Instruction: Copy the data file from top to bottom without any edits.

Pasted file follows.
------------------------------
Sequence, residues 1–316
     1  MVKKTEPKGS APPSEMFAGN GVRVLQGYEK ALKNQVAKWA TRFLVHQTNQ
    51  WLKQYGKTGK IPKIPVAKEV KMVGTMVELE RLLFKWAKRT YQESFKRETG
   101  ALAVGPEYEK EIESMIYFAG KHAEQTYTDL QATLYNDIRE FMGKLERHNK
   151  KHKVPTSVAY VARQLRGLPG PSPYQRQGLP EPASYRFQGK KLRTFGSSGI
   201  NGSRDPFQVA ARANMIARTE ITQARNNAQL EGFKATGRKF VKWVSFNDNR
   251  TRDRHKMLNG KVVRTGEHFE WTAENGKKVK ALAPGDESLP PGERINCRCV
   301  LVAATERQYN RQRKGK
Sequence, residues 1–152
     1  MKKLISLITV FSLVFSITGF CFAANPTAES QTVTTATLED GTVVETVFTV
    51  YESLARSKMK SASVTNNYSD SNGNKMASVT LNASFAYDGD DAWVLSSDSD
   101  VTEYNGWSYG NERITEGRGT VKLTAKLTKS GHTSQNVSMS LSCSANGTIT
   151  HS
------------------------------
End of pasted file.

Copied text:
Sequence, residues 1–316
     1  MVKKTEPKGS APPSEMFAGN GVRVLQGYEK ALKNQVAKWA TRFLVHQTNQ
    51  WLKQYGKTGK IPKIPVAKEV KMVGTMVELE RLLFKWAKRT YQESFKRETG
   101  ALAVGPEYEK EIESMIYFAG KHAEQTYTDL QATLYNDIRE FMGKLERHNK
   151  KHKVPTSVAY VARQLRGLPG PSPYQRQGLP EPASYRFQGK KLRTFGSSGI
   201  NGSRDPFQVA ARANMIARTE ITQARNNAQL EGFKATGRKF VKWVSFNDNR
   251  TRDRHKMLNG KVVRTGEHFE WTAENGKKVK ALAPGDESLP PGERINCRCV
   301  LVAATERQYN RQRKGK
Sequence, residues 1–152
     1  MKKLISLITV FSLVFSITGF CFAANPTAES QTVTTATLED GTVVETVFTV
    51  YESLARSKMK SASVTNNYSD SNGNKMASVT LNASFAYDGD DAWVLSSDSD
   101  VTEYNGWSYG NERITEGRGT VKLTAKLTKS GHTSQNVSMS LSCSANGTIT
   151  HS